World Growth Outlook Improves, but Inflation Is Showing Persistence: Fitch Ratings

Near-term world growth prospects have improved and Fitch Ratings has raised its 2024 global GDP growth forecast by 0.3pp to 2.4% in its latest Global Economic Outlook (GEO) published today. This reflects a sharp upward revision to the US growth forecast to 2.1%, from 1.2% in the December 2023 GEO.

The revision to the US outweighs a marginal cut to our China 2024 growth forecast - to 4.5% from 4.6% - and a small revision to our eurozone forecast, to 0.6% from 0.7%. We have revised up our growth forecast for emerging markets excluding China by 0.1pp to 3.2%, with forecasts raised for India, Russia and Brazil.

Fitch expects world growth in 2025 to edge up to 2.5% (unchanged from before) as the eurozone finally recovers on a pick-up in real wages and consumption - but US growth slows.

An unprecedented pro-cyclical widening in the US fiscal deficit in 2023 boosted domestic demand and helped explain the surprising resilience of GDP growth. But we expect the fiscal impulse to fade this year and household income growth to slow. And with lagged effects from last year’s monetary tightening still to come through as real interest rates rise, we expect quarter-on-quarter growth to slow to a significantly below-trend rate later this year.

The eurozone continues to stagnate, with Germany’s recession weighing on France and the rest of the bloc. The German economy faces structural growth constraints but it has also been hit by a string of major shocks that are unlikely to be repeated. Growth should pick up in the medium term as the ECB cuts rates, world trade recovers and the impact of the energy shock fades.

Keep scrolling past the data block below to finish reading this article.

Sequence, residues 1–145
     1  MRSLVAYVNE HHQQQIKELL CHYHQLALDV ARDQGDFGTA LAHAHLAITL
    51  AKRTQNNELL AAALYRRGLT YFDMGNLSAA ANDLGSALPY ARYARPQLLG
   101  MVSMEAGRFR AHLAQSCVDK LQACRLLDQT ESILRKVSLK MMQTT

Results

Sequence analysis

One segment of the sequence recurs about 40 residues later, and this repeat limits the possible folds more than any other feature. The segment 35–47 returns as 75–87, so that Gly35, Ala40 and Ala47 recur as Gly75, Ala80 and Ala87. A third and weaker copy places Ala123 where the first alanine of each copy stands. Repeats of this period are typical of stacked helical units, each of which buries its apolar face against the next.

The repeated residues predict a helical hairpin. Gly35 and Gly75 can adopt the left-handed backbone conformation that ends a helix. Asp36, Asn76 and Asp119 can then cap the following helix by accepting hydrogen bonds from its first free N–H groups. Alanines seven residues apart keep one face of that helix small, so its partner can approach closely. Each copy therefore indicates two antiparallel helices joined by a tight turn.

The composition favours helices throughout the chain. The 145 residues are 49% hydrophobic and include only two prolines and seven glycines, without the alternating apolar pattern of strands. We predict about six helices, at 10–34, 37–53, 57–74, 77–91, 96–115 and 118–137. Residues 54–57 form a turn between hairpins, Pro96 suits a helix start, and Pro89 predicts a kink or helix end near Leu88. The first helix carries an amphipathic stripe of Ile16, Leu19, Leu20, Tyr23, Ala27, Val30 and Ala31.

China’s property collapse continues unabated – housing sales now look likely to fall sharply again this year – and evidence of deflationary pressures is rising. But fiscal easing is being stepped up materially and this has cushioned the impact on the GDP forecast.

US core inflation momentum has recently picked up and we have raised our end-2024 US CPI inflation forecast by 0.3pp to 2.9%. Better progress has been made in reducing core inflation in the eurozone but, as in the US, services and wage inflation remain uncomfortably high from the perspective of achieving the inflation target. The jump in shipping costs is adding upside risks to core goods inflation.

We expect both the US Federal Reserve and ECB to cut rates three times, by a total of 75bp, by year-end. But both central banks want to see more evidence that recent disinflation progress is durable before starting out on the policy-easing process. We have pushed back the date of the first Fed cut to July from our previous expectation of June. We have also pushed back the date of the first ECB cut to June from April.

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